Rather than walking away angry or annoyed like I did in the previous issues of this series, I actually enjoyed part 4: Welcome to the Jungle. Perhaps that’s because I’m finally getting into the right mindset of this comic, much like how it took me a while to warm up to the supernatural Batwoman series. Or maybe the pretty pictures won me over this month.
Penciller and co-plotter David Finch draws an incredible Batman. Heck, he draws an incredible almost everything and I suspect that’s what the book’s main draw is. Batman: The Dark Knight puts story 2nd and serves as a platform for Finch to draw as many DC characters as possible whether their inclusion feels forced or not. We’re only 4 issues in and we’ve already seen:
Two-Face, Ventriloquist, White Rabbit, Joker, The Cavalier, Zsasz, Robin, Nightwing, The Birds of Prey, Clay-Face, Deathstroke, Scarecrow, The Flash, Wonder Woman and probably a few others that I’m forgetting. It’s a bit much, but if you’re looking for an action packed comic that’s more interested in cameos that character development, then Batman: The Dark Knight is the bee’s knees.
The writing really isn’t its strong suit, just look at how the story starts: Batman gets tangled up in sentient vines that hoist him over a giant Venus fly trap. Wow, we’ve never seen that before. And then Batman gets a call from Wonder Woman who just wants to update the reader on what’s happened so far and to tell Batman that she can’t bail him out. Since when has Batman been so eager to get help from The Justice League? And where is the drama? What’s the point of reading about a hero who calls up exceedingly more powerful, more capable heroes for help and advice as soon as things get harry? That’s not Batman. Still, Finch’s Wonder Woman looks good. In fact, I think Wonder Woman is being handled the best out of all New 52 characters across every title she’s made an appearance in. A character who isn’t handled well at all, though, is Jim Gordon.
In one of the book’s worst scenes we get to see a whiney Jim Gordon leaving a 7th message on Bruce Wayne’s voice mail. He’s calling to complain about Batman trashing Forbes’ car in the last issue. And that’s one of my many problems with the Batman Inc. idea—it turns Batman into an employee. To Gordon, it’s not that “Batman has no limits” or is making “dramatic examples to shake people out of apathy” or anything like that. Gordon believes that Batman was sent by his boss, Bruce Wayne, to intimidate Forbes. The cool thing about Batman is that he’s not supposed to answer to anyone. Now everyone believes that he does.
But as much as that scene aggravated me, I was immediately reminded that this is not a series meant to be taken seriously. What reminded me was this silly moment where Batman and Alfred are eating ice cream cones together while watching the bat computer. By the way, Batman is seen eating what appears to be sherbet, mint, or possibly pistachio ice cream, which makes sense because as we all know…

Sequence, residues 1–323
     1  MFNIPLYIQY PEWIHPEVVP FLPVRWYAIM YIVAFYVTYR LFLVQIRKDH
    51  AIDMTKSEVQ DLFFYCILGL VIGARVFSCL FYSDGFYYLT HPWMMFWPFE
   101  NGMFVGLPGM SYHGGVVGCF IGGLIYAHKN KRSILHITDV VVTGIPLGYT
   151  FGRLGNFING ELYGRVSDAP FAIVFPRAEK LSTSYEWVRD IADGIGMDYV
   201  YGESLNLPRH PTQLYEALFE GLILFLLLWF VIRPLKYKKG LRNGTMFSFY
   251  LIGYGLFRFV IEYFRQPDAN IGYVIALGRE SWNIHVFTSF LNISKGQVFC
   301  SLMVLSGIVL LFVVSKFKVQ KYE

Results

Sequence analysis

It’s an over the top comic that features hulked-out villains showing up just because the artist draws them well. That’s a bad thing if you’re looking for a deep story that sparks discussion, a great thing if you just want to see new artwork featuring your favorite villains and lots of explosions and fist fighting. You get plenty of that in this issue. My favorite moments were:
[SPOILER]1. The really cool 2 page spread of Deathstroke chopping the Batwing in half while lighting strikes in the background and Batman falls. However, the super nerd side of me has to point out that Slade has a regenerative factor which should have countered the negative side effects of White Rabbits serum and he should be invincible from here on out, really. 2. The final image of Scarecrow. It’s one of the best Scarecrow images I’ve seen in years. The coloring, lighting, everything about it is magnificent.[/SPOILER]
Like the last issue, there is one really good scene that stands out. It’s a moment in which Batman laments about all the people who rely on him and how he knows he will let one or all of them down eventually. He even ponders how he will function not if Alfred dies, but when. It’s a good scene that feels kind of out of place after just seeing Batman and Alfred eating ice cream and then Alfred making a couple dirty-old-man jokes, but still, it’s a very nice moment…even if Batman forgets all about Damian, his son. Which is odd for this series which does the best of any Batman comic when it comes to cohesion. No other Batman series does a better job reminding us about Batman’s involvement in the Justice Leauge, Batman Inc., and his fight with The Dollmaker in Detective Comics, and what happened when Dick Grayson was under the cowl during the Black Mirror series. And maybe that’s why I have such a hard time enjoying this series: it’s the only one that’s aware of what is happening around it– it reminds me just how thin Batman is spread and how convoluted his story has become.